Friday, February 6, 2015

My 2001 Interview With Illustrator and Author Ralph Steadman

In 2004 my feature story on printmaker/artist Joe Petro III of Lexington, Kentucky appeared in Screen Printing Magazine. The story was a couple years in the making and came about like this. I was a huge Jonathan Winters fan as a kid and had been looking, by means of the internet, for recordings of his improvisational insanity. As it turned out, I discovered that Jonathan Winters was also an artist, specifically painting. I learned this through the website of Joe Petro. Petro was a screenprinter for a number of high profile people who also did art on the side, including Kurt Vonnegut, Winters himself and British illustrator Ralph Steadman. As things unfolded I was given the opportunity to interview all three of these major figures for th-s article.

Having previously purchased a book of paintings by Jonathan Winters called Hang-Ups, I used that material as background for the interview he graciously gave me. It was a tremendously fun to be on the receiving end of his compulsive persona-shifting, as captured here in one of my early blog entries.

My interview with Mr. Vonnegut, also pre-arranged, took place on a Sunday afternoon during a New York Giants football game that I could hear playing in the background when he first answered the phone.

This conversation with Mr. Steadman was an overseas call that (I believe) took place in 2001. I'm guessing it took place on a Saturday morning, because otherwise when I get home from work it is middle of the night in Great Britain. Wikipedia identifies Steadman as "a British cartoonist best known for his work with American author Hunter S. Thompson." Certainly his illustrations for Fear and Loathing in Las Vegas put him on the map as far as American audiences go. He has illustrated numerous books and won numerous awards including being voted Illustrator of the Year by the American Institute of Graphic Arts in 1979.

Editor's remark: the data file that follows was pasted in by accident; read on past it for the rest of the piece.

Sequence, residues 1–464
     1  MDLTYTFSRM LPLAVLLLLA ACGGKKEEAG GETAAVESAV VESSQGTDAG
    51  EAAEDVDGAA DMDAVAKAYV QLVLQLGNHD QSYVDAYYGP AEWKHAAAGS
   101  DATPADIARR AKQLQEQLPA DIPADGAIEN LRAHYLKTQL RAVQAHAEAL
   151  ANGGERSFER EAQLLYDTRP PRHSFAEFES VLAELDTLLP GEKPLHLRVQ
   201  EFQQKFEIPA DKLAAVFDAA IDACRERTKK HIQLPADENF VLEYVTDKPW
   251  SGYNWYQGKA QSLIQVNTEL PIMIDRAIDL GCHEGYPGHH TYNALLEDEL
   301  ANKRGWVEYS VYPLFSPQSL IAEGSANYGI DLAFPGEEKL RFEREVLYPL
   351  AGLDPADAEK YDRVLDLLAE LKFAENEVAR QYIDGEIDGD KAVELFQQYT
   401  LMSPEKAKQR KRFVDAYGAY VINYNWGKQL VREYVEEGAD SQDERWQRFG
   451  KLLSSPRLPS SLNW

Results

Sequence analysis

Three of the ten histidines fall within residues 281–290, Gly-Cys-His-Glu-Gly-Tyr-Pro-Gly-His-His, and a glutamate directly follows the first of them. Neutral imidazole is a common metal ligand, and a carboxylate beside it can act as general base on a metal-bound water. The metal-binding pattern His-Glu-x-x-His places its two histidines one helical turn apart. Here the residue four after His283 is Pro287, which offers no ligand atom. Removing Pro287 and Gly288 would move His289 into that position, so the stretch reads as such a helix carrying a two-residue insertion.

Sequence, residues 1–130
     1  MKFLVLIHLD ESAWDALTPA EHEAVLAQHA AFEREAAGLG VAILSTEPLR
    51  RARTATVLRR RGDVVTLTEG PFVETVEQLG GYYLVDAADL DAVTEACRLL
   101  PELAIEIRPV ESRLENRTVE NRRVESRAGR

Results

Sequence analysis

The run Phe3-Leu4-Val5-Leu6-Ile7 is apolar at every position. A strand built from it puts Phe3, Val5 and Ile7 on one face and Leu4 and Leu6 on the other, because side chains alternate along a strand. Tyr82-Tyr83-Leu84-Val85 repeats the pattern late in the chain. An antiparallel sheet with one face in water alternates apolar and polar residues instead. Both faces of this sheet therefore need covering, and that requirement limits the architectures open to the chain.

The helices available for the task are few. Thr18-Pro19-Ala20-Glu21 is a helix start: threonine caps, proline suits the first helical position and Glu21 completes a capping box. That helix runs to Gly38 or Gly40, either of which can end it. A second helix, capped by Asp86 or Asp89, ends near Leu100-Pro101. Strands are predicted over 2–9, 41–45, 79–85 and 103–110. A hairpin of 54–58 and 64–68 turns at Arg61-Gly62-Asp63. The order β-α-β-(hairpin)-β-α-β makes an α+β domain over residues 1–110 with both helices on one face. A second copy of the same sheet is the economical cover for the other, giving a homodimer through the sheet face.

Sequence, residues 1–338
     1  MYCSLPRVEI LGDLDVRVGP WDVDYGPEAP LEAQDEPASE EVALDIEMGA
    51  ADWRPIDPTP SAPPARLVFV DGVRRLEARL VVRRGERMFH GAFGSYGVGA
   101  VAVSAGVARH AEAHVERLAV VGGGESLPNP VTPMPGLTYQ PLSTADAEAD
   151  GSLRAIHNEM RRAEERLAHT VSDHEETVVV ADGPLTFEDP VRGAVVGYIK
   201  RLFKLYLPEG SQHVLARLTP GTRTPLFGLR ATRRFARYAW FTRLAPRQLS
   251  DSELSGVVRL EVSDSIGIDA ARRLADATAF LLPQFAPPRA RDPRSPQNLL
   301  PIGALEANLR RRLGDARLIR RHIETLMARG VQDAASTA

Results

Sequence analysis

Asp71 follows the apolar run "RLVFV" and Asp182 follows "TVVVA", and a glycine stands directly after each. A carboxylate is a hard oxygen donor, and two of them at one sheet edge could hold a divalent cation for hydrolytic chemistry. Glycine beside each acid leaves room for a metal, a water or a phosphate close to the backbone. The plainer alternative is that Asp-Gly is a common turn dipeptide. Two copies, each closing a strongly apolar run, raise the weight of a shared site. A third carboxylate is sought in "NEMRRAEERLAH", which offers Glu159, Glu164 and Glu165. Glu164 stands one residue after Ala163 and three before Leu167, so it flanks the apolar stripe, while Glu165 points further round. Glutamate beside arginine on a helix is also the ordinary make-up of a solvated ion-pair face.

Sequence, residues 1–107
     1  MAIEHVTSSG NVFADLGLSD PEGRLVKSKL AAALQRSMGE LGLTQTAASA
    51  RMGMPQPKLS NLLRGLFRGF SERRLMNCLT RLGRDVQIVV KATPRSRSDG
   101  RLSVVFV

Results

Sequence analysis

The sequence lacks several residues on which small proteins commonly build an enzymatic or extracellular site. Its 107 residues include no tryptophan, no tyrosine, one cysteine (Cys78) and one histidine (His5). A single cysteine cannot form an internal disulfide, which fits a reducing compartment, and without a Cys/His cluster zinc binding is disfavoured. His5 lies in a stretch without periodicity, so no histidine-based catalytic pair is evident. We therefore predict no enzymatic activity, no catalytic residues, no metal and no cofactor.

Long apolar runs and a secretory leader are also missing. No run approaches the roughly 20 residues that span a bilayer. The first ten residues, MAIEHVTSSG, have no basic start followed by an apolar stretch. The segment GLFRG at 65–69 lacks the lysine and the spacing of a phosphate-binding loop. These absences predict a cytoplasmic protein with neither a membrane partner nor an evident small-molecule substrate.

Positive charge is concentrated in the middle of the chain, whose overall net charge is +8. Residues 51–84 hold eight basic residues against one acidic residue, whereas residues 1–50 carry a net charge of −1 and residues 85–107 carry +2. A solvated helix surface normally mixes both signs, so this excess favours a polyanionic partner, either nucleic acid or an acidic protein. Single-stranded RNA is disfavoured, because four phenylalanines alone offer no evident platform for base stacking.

EN: What are you working on now?

Ralph Steadman: It’s a picture for an article by Will Self, Tough Tough Toys for Tough Tough Boys. I’m doing a series of drawings for an independent newspaper. It’s a series called Psychogeography.

EN: Your mind has gone quite a ways over the years, hasn’t it.

RS: Tried to. But my intellect is weak.

We talk briefly about various things ending with how I came to be a writer.

EN: I gave up art to try to change the world.

RS: You did the opposite of me. I gave up writing to do art to change the world. Writing’s no good. Nobody reads any more. There’s so much stuff written. Less people read than they ever did.

My favorite Steinbeck is Cannery Row. Then I read The Grapes of Wrath. He’s the kind of writer where you sense his authority in what he says.

EN: I remember Coetze, South African writer…

RS: It’s a sad world, Ed.

EN: Man’s inhumanity to man makes countless thousands mourn.

RS: I think there’s something of that in the fertilizer of life.

We talk around other themes and come to this comment on America.

Every conceivable nation on earth has arrived and lived there. That’s a funny thing. That should make it the rich melting pot you were supposed to be. It’s gotten bland. It’s gotten banal. That’s what I think has gone wrong.

In effect, we need to appreciate difference as a virtue.

Travels with Charlie… a wonderful book. He went out to discover his America with his dog.

EN: Do you have a dog?